CEDAR HILL - Charles Boyce, 17, is one of the best tennis players in Texas, and ranks inside the top-20 in the country.
It happened fast. He started playing seriously just three years ago, and soon became the No. 1 player in Texas in his age group.
"I mean, rare is not the word for it - it just doesn't happen," said his coach Scott Bailey, from Lone Star Tennis. "When you find somebody with that much talent and they're able to make that much of a jump -- or should I say, you don't find somebody. I've been teaching 10 years. I've never seen anything like it."
Good genes from his parents certainly helped. Merle and Charles, Jr. were both athletes, but neither played tennis.
"He is an exceptional athlete," said his dad, Charles Jr, who played football at Sam Houston and got a tryout with the Chicago Bears. "He has abilities, physically, to go as far as he wants to go."
Players with Charles' ability don't normally play for their high school, and he doesn't either, which frees him up to play in state and national tournaments. In March, Charles played three events in Asia: the first in Thailand, the second in Malaysia and the third in the Philippines.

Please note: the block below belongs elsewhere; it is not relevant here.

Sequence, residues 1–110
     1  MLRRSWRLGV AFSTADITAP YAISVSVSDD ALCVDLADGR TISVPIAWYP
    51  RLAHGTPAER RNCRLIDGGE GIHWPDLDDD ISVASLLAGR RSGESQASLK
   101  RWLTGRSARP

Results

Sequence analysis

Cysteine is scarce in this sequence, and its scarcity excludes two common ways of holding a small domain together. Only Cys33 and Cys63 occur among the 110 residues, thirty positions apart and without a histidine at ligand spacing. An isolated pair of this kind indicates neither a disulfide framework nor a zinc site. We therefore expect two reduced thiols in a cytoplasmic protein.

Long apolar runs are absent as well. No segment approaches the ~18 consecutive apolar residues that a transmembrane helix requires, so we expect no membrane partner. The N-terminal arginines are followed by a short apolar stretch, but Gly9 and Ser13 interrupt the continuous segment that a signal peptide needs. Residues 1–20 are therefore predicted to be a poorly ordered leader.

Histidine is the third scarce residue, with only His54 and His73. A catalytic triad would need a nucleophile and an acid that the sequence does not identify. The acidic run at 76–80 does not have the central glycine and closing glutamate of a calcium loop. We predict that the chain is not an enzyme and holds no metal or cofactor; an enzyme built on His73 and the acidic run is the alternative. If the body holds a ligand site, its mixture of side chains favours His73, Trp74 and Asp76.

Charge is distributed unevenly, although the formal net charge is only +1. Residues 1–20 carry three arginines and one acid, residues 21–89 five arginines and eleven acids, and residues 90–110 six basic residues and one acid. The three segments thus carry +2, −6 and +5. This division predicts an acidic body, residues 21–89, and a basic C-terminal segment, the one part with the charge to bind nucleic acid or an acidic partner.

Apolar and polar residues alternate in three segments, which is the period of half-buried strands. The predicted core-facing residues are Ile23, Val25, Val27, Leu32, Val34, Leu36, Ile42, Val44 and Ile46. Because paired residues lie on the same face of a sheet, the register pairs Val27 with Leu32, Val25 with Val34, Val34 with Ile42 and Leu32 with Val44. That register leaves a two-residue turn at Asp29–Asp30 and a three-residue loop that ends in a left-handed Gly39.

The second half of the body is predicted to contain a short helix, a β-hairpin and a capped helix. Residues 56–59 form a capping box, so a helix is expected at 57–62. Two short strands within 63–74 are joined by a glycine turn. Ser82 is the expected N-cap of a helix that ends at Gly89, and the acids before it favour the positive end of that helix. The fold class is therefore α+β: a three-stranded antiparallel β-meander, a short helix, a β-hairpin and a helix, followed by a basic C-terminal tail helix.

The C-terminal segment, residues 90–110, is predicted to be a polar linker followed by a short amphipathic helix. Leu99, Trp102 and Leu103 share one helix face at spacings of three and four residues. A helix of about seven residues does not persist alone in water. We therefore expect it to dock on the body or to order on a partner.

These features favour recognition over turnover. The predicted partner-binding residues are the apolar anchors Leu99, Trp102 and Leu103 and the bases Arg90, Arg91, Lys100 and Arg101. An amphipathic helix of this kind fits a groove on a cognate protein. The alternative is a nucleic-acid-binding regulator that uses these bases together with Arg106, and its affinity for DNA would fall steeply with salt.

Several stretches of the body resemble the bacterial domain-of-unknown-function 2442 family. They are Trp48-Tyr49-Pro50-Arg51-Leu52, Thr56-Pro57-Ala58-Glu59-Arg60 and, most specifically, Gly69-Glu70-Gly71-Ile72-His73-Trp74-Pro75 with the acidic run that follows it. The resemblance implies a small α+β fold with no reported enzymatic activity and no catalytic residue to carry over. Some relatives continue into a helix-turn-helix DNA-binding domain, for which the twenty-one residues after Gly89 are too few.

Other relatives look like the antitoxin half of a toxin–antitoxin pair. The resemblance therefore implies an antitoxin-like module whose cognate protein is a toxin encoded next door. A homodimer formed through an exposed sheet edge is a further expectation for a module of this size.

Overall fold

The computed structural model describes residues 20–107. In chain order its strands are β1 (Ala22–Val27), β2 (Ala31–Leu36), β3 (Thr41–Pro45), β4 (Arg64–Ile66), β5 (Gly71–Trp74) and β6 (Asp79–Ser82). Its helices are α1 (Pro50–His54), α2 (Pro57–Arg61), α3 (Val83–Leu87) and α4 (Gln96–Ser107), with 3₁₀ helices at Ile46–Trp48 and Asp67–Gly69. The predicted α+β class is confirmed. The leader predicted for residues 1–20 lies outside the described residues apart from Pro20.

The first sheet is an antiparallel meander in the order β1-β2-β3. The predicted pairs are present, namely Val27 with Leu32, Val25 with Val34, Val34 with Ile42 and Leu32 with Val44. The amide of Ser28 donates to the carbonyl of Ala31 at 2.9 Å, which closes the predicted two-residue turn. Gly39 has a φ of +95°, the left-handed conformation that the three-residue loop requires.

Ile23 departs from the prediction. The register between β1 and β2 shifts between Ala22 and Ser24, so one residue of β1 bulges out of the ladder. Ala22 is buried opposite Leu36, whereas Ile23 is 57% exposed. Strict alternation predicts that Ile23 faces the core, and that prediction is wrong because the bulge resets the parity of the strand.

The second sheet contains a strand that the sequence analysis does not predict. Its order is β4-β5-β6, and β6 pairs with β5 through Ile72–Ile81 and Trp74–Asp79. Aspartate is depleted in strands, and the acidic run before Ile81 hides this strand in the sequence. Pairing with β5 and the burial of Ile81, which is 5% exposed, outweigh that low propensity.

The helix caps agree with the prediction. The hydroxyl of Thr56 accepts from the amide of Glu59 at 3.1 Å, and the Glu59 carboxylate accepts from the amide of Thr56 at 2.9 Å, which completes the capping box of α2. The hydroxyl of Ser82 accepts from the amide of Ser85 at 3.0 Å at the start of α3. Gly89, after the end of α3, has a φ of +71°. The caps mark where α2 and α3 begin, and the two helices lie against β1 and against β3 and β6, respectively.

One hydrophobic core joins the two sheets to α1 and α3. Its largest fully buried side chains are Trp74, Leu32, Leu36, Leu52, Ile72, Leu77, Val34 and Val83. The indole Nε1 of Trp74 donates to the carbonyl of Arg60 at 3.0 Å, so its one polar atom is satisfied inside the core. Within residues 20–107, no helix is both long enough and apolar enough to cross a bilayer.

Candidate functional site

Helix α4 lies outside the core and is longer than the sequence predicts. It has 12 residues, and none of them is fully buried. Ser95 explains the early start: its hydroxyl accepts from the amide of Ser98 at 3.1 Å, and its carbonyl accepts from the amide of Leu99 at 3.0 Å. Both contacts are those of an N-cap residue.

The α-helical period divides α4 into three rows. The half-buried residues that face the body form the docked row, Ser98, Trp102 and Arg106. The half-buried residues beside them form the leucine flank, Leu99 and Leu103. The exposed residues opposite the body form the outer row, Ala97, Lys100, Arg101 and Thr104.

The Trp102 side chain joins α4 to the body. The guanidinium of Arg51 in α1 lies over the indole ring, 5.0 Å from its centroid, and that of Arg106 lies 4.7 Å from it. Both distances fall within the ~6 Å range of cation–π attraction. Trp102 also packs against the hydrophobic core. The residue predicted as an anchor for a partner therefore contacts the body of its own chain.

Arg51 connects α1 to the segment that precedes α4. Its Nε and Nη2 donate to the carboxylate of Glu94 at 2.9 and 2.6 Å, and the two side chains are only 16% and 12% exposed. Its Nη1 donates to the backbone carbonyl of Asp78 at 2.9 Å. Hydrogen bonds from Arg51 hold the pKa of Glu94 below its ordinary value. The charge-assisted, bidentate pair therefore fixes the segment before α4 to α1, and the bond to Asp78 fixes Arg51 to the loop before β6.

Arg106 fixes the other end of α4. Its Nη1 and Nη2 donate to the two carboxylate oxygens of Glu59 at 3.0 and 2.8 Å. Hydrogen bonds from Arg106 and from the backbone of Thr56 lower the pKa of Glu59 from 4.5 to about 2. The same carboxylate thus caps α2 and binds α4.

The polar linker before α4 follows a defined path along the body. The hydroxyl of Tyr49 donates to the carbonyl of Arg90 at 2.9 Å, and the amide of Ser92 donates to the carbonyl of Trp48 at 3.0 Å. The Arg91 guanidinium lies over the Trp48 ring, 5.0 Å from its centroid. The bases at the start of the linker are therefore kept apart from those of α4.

It was a long three weeks.
"I don't think I talked to him for three days after we got back," said his mom, Merle, laughing. "No, really. I didn't."
When told what his mom said, Charles laughed.
"It's probably because we were sleeping most of the day," he said.
His hectic tennis schedule doesn't allow him to be a traditional high school student.
Last year, as a junior, Charles was home schooled for a few months. But this year Cedar Hill opened up a virtual lab, which allows him to take his classes online when he's not in town.
When he is home, Charles does his online classes at the high school, and he's on pace to graduate with the rest of the senior class in May.
"[I'm] doing okay. I have like a 3.0, which is all right," Charles said. "It's kinda hard, when I'm always playing, tired, don't have a lot of time to study."
Charles has offers to play in college; he just doesn't know where.
He does know it won't be in Asia.